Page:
"Balram Halwai is a clever and resourceful narrator with a witty
and sarcastic edge that endears him to readers.... It's the perfect
antidote to lyrical India." -- "Publishers Weekly"
"Compelling, angry, and darkly humorous, "The White Tiger" is an unexpected journey into a new India. Aravind Adiga is a talent to watch." -- Mohsin Hamid, author of "The Reluctant Fundamentalist"
"An exhilarating, side-splitting account of India today, as well as an eloquent howl at her many injustices. Adiga enters the literary scene resplendent in battle dress and ready to conquer. Let us bow to him." -- Gary Shteyngart, author of "Absurdistan" and "The Russian Debutante's Handbook"
"In the grand illusions of a 'rising' India, Aravind Adiga has found a subject Gogol might have envied. With remorselessly and delightfully mordant wit, "The White Tiger" anatomizes the fantastic cravings of the rich; it evokes, too, with startling accuracy and tenderness, the no less desperate struggles of the deprived." -- Pankaj Mishra, author of "Temptations of the West"
"Unlike almost any other Indian novel you might have read in recent years, this page-turner offers a completely bald, angry, unadorned portrait of the country as seen from the bottom of the heap; there's not a sniff of saffron or a swirl of sari anywhere.... [Narrator] Balram himself is an enticing figure...but even more impressive is the nitty-gritty of Indian life that Adiga unearths -- the corruption, the class system, the sheer petty viciousness." -- Andrew Holgate, "The Sunday Times" ( London)
"Darkly comic. . . Balram's appealingly sardonic voice and acute observations of the social order are both winning and unsettling." --The New Yorker
"Fierce and funny...A satire as sharp as it gets." - Michael Upchurch, "The Seattle Times"
"Adiga's training as a journalist lends the immediacy of breaking news to his writing, but it is his richly detailed storytelling that will captivate his audience..."The White Tiger" echoes masterpieces of resistance and oppression (both "The Jungle" and "Native Son" come to mind) [and] contains passages of startling beauty...A book that carefully balances fable and pure observation." - Lee Thomas, "San Francisco Chronicle"
"There is a new Muse stalking global narrative: brown, angry, hilarious, half-educated, rustic-urban, iconoclastic, paan-spitting, word-smithing--and in the case of Aravind Adiga she hails from a town called Laxmangarh. This is the authentic voice of the Third World, like you've never heard it before. Adiga is a global Gorky, a modern Kipling who grew up, and grew up mad. The future of the novel lies here." - John Burdett, author of "Bangkok 8"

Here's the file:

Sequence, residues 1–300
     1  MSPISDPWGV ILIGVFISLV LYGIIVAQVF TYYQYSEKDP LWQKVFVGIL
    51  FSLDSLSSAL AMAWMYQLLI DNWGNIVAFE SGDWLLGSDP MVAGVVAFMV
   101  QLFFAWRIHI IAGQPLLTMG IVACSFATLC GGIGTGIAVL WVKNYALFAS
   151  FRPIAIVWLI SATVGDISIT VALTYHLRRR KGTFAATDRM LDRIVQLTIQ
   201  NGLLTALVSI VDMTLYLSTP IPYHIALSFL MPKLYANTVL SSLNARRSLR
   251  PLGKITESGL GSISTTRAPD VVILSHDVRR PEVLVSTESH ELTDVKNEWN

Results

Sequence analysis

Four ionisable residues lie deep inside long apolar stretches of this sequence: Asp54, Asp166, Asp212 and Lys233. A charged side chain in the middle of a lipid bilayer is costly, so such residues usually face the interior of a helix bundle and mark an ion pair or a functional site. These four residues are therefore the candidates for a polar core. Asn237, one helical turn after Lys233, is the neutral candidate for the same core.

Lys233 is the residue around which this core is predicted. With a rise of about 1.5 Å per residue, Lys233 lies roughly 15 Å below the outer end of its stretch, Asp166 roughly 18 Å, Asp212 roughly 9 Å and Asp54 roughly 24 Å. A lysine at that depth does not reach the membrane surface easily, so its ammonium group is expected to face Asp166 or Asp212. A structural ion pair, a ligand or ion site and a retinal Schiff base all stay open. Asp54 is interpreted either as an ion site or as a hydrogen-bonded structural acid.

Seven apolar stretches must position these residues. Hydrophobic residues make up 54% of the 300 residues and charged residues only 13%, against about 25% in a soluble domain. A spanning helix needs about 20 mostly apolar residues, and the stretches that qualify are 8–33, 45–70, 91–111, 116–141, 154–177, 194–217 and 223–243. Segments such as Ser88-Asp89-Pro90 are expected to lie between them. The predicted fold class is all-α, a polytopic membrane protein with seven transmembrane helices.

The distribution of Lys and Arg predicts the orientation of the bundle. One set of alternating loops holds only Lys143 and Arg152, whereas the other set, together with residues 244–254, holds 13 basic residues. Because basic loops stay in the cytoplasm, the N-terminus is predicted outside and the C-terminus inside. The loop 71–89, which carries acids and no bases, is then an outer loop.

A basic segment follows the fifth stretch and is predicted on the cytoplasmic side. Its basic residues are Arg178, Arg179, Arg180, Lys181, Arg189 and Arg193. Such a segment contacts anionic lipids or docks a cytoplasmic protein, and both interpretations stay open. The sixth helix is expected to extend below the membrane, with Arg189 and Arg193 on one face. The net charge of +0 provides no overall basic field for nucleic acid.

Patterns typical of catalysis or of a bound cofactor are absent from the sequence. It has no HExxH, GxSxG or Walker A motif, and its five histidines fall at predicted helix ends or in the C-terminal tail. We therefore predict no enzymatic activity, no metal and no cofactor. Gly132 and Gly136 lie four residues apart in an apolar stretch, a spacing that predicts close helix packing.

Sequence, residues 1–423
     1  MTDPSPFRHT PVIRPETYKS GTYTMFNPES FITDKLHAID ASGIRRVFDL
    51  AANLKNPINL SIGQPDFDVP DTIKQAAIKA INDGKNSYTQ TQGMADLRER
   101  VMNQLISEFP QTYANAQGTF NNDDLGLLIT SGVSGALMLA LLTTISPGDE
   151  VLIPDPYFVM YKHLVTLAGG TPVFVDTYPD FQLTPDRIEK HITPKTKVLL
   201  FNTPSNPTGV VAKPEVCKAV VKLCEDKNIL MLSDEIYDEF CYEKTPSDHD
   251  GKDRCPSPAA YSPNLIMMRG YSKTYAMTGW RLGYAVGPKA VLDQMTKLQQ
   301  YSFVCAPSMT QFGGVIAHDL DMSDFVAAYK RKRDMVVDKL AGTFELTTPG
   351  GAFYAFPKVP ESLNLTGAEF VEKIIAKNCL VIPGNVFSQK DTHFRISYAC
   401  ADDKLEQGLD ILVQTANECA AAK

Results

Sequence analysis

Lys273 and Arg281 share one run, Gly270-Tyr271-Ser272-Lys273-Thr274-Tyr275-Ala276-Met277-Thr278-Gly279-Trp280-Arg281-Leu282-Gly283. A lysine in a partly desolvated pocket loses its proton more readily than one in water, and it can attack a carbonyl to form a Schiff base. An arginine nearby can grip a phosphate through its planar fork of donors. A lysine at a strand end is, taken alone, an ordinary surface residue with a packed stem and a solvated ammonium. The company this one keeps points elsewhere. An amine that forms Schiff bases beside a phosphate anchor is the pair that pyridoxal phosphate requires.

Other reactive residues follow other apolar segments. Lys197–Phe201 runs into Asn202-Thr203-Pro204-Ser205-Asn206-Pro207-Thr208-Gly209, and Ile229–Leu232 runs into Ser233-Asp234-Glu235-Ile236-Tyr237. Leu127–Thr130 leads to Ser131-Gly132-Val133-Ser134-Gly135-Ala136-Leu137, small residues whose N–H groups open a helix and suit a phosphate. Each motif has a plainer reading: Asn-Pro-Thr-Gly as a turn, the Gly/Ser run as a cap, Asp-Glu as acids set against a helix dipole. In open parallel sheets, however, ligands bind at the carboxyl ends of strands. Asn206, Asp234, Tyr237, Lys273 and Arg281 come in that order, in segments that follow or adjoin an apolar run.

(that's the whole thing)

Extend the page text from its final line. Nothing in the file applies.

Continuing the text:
"Extraordinary and brilliant... At first, this novel seems like a straightforward pulled-up-by-your-bootstraps tale, albeit given a dazzling twist by the narrator's sharp and satirical eye for the realities of life for India's poor... But as the narrative draws the reader further in, and darkens, it becomes clear that Adiga is playing a bigger game... Adiga is a real writer - that is to say, someone who forges an original voice and vision. There is the voice of Halwai - witty, pithy, ultimately psychopathic... Remarkable... I will not spoil the effect of this remarkable novel by giving away ... what form his act of blood-stained entrepreneurship takes. Suffice to say that I was reminded of a book that is totally different in tone and style, Richard Wright's Native Son, a tale of the murderous career of a black kid from the Chicago ghetto that awakened 1940s America to the reality of the racial divide. Whether The White Tiger will do the equivalent for today's India - we shall see." - Adam Lively, "The Sunday Times" (London)
"The perfect antidote to lyrical India." - "Publishers Weekly"
"Darkly comic...Balram's appealingly sardonic voice and acute observations of the social order are both winning and unsettling."- "The New Yorker"
""The White Tiger" echoes masterpieces of resistance and oppression (both "The Jungle" and "Native Son" come to mind) [and] contains passages of startling beauty." - Lee Thomas, "San Francisco Chronicle"
"This is the authentic voice of the Third World, like you've never heard it before. Adiga is a global Gorky, a modern Kipling who grew up, and grew up mad. The future of the novel lies here." - John Burdett, author of "Bangkok 8"
"This fast-moving novel, set in India, is being sold as a corrective to the glib, dreamy exoticism Western readers often get...If these are the hands that built India, their grandkids really are going to kick America's ass...BUY IT." - "New York Magazine"
"Aravind Adiga's "The White Tiger" is one of the most powerful books I've read in decades. No hyperbole. This debut novel from an Indian journalist living in Mumbai hit me like a kick to the head -- the same effect Richard Wright's "Native Son" and Ralph Ellison's "Invisible Man" had. - "USA Today"